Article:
As Editor in Chief of a musical gear website, it seems like a silly question. Does gear matter? Of course it matters to me, otherwise I should probably be practicing my burger flipping (music is my only skill, if this doesn’t work out I’m totally boned) and yet as I have the opportunity to talk to lots of passionate musicians and try loads of different gear of varying types, I feel compelled to ask it of myself.

People are VERY attached to the kind of gear they play. Whether by branding campaign or legitimate love of the instrument, like many of our heroes our gear becomes part of our identity – a tattoo you can play. It’s one chromosome of the DNA of our music, without which the expression of the gene would appear very different. Some musicians are so closely associated with their instrument that seeing them without causes cognitive dissonance (not to mention some serious #daditude) in fans. Brian May has used the same guitar his ENTIRE career. Not the same model, not the samebrian-may_tile brand, the very same guitar. And it was his FIRST guitar. Almost every Queen song contains the iconic sound he created with it, so it’s pretty hard to imagine the band without it. But had he used something different, some generic store brand or production Fender, or one handmade by an experienced luthier rather than himself and his dad – would it have mattered?

Money Money Money, Moooooooney

I think the thing that many young and/or amateur musicians get caught up in is expense. They see experienced musicians they admire with gear they can’t afford and assume that without such gear, they can’t achieve the same level of production or performance. This is, of course, an exercise in futility – no piece of gear or instrument will make you as good as someone else any more than an expensive hammer will make you an architect.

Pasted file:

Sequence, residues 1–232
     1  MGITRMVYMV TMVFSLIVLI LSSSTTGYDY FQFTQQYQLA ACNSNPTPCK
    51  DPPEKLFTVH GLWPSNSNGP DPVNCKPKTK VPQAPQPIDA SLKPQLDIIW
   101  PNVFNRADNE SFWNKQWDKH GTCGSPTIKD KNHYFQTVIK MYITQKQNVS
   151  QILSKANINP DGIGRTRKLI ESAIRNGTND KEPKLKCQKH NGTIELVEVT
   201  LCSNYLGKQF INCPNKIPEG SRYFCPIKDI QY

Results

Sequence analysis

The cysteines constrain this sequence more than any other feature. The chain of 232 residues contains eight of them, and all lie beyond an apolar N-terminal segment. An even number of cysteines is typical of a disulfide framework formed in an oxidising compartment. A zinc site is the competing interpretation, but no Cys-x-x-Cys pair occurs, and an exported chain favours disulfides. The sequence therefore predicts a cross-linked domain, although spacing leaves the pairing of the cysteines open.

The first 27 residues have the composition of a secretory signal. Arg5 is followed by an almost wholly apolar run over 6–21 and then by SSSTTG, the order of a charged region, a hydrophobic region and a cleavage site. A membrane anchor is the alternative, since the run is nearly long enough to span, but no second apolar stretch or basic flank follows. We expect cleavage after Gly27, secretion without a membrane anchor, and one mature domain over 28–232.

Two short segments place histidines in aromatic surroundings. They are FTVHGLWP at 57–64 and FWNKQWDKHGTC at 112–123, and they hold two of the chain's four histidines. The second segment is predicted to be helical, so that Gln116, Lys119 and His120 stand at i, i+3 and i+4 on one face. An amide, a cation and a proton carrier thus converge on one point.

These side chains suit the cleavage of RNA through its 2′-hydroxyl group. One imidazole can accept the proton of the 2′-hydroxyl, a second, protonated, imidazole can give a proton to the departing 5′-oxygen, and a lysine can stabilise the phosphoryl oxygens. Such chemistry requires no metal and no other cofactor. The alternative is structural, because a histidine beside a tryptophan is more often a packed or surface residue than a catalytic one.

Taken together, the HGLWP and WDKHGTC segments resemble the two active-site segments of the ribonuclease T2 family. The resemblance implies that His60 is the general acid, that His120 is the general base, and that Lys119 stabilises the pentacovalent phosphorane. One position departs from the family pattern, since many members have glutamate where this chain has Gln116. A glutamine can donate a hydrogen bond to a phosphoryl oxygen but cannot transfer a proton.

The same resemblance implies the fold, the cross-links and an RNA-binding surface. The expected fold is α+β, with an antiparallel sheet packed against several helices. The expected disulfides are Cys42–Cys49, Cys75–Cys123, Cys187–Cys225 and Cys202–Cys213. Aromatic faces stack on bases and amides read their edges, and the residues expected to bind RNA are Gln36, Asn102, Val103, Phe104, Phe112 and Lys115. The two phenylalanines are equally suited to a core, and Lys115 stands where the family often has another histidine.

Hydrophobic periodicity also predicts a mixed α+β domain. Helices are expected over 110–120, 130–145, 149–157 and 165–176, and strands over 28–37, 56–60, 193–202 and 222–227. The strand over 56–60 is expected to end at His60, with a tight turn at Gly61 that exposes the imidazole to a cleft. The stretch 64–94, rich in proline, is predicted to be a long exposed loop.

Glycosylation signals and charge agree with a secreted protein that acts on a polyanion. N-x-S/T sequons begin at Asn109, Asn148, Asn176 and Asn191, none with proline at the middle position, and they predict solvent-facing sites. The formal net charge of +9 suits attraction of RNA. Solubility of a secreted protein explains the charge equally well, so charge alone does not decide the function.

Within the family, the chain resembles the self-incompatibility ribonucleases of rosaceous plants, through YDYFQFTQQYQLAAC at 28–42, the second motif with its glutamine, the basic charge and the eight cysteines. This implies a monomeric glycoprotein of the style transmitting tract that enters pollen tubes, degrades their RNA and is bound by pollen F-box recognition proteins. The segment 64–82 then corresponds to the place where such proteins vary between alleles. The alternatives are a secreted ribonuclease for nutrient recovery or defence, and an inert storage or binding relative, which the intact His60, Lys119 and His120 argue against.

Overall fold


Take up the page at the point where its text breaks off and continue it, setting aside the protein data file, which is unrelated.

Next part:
A piece of gear is priced according to a few things: materials, design, craftsmanship, features, country of origin, and of course, the added cost of retail. Compromises of various kinds are always present, and just like picking a driver and car in Mario Kart, you typically can’t have top speed and acceleration, at least until you’ve beaten all the courses and unlocked the advanced karts. All that to say, sure, you can spend lots, but are you paying for things you don’t need? Are the features above your level, or outside of your style? One of my earliest guitars had a tremolo system. When I first plugged in the whammy bar (around age 12 or 13), I proceeded to spin it around and around in the hole, producing no appreciable change in sound. I then declared it useless and abandoned the concept entirely until much later. A cheaper guitar with a hardtail bridge would have served me far better during that stage of my career, that’s for certain.